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Youth Hub Indonesia

Exchange facilitating

On a 10-day visit in the Philippines the learning group of Indonesia visited:

It was a full programme with meetings, lectures, and seeing in practice. Each initiative has different approaches for their local challenges. This made the visit a rich experience in which the group learned many new insights and knowledge to tackle their own local challenges.


Community based eco-tourism visit in the Philippines in May 2018
There is a gap in the market around eco-tourism and specifically, there is a lack of community-based hostels in rural areas. Additionally, there is a growing tourist market to be used. The main challenge is to make eco-tourism community based (CBT) and to ensure the sustainability and benefits for the entire community. This is a new area for the involved youth groups and local partners. How to get access to these markets and get the right permits and services. In this link you’ll see a summary of our exchange visit to the Philippines to learn from their best practices on CBT.

Indonesia – Philipinnes






An exchange visit on community-based tourism

From an underground river project, to a bee farm and island communities, the Indonesia learning group visited various initiatives in the Philippines on their E-motive learning exchange. Each initiative around community-based tourism offered different approaches for their local challenges. The exchange was therefore a rich experience in which the group learned many new insights to tackle their own local challenges. Read more about the journey of one of the participants: Dr. Abd. Gaffar.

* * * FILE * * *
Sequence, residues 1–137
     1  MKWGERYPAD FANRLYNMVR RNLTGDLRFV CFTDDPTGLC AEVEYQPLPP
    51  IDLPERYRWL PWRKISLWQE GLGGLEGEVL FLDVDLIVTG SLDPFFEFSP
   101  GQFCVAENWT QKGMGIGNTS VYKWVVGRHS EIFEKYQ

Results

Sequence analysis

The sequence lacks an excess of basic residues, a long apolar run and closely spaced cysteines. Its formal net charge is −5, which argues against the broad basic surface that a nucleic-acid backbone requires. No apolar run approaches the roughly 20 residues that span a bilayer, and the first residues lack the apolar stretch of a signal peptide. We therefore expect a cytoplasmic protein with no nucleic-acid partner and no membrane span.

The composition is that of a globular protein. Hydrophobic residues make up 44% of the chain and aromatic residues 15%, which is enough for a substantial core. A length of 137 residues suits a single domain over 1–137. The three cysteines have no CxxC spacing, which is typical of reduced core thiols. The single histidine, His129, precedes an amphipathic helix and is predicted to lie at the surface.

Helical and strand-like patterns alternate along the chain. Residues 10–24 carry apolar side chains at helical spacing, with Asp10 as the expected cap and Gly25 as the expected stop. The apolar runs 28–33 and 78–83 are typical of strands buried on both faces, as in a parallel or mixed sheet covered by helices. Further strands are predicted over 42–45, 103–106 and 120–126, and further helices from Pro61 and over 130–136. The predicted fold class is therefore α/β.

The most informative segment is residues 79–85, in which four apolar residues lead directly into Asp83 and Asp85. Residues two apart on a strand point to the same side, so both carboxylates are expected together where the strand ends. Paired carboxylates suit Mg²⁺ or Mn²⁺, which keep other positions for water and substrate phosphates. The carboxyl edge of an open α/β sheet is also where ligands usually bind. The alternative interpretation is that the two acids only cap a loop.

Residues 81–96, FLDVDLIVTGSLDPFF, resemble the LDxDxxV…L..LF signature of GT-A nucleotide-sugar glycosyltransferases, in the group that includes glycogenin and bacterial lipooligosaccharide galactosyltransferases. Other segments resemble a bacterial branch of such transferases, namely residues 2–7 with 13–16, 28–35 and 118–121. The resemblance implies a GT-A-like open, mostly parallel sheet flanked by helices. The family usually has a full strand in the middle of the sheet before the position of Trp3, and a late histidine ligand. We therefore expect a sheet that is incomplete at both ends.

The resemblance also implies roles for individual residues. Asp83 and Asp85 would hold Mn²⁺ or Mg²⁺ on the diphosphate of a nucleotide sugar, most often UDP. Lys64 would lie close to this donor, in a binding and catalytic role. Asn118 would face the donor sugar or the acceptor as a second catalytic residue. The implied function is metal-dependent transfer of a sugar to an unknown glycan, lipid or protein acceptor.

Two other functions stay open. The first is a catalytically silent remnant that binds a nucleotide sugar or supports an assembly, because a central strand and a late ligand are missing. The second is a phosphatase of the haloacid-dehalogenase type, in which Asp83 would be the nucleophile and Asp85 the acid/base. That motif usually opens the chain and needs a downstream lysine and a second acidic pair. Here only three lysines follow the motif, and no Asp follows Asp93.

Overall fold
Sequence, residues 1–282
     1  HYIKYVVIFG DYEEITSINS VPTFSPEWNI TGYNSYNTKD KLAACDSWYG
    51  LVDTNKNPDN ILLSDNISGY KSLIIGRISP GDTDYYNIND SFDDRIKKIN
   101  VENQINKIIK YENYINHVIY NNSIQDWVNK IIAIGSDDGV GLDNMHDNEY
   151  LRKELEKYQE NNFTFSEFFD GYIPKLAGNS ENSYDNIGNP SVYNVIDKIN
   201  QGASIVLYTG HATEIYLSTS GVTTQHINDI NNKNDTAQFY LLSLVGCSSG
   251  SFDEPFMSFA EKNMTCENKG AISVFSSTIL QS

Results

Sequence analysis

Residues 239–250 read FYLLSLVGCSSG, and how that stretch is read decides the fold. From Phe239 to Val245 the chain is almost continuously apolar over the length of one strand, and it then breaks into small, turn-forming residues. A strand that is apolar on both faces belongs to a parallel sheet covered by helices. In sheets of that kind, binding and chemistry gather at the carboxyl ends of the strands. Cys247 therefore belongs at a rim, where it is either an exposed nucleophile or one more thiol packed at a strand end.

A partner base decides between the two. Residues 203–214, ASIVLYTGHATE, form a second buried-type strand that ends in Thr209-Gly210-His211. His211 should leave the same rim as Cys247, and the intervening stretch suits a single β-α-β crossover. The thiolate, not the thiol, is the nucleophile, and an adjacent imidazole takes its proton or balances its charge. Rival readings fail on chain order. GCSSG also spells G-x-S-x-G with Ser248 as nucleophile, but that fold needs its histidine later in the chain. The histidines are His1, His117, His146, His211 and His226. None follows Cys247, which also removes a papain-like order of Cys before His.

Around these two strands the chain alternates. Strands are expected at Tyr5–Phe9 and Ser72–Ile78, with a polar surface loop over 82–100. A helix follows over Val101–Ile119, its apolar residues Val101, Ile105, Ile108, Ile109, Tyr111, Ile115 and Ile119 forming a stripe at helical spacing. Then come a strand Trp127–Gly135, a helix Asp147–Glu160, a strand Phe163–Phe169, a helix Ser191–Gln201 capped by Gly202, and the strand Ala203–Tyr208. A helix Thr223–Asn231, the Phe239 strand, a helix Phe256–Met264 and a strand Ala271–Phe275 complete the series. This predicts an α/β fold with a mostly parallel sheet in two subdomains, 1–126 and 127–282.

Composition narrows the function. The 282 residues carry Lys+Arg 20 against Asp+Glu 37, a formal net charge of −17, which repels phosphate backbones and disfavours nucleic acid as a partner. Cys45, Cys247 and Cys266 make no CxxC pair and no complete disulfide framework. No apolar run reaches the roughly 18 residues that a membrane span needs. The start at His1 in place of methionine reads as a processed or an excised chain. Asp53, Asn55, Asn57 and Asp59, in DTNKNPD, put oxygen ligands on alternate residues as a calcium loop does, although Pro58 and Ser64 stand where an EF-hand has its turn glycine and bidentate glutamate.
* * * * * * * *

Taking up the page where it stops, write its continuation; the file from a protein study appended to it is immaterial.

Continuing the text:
Name: Dr. Abd. Gaffar, ST. MSi.
Age: 42 years
Position: Head of Planning Department Pangkajene Kepulauan District. Specialist in community based eco-tourism
Location: Indonesia, South Sulawesi

What motivated you to join the E-motive exchange visit?

My educational background is in community-based tourism and I have a master’s degree in tourism. Additionally, when I saw that the government of Pangkajene kepulauan talked with Oxfam about tourism, I could not hide how happy I was. It felt so coincidental, because Pangkep has a lot of places that offer opportunities for tourism. Going to Philippines became an important reference to our plan to work community based.

What were your expectations of the exchange?

I was expecting to get a lot of lessons which I can adopt in Indonesia. In fact, The Philippines has so many similarities to Indonesia; such as the island, language, and the people. From this event I wished to get the new insights so that I can deliver to the society in my own country; Indonesia – Pangkajene and Kepulauan District, and especially to encourage the Empower Youth for Work Program in this district.

What are your key lessons from the exchange?

All sectors, including NGO’s, private sector, communities and government, need to work together to build sustainable community-based tourism. In the Philippines, the underground river system was a good example of this synchronized collaboration where they are working together with over 1000 people. This was what really made an impression om me.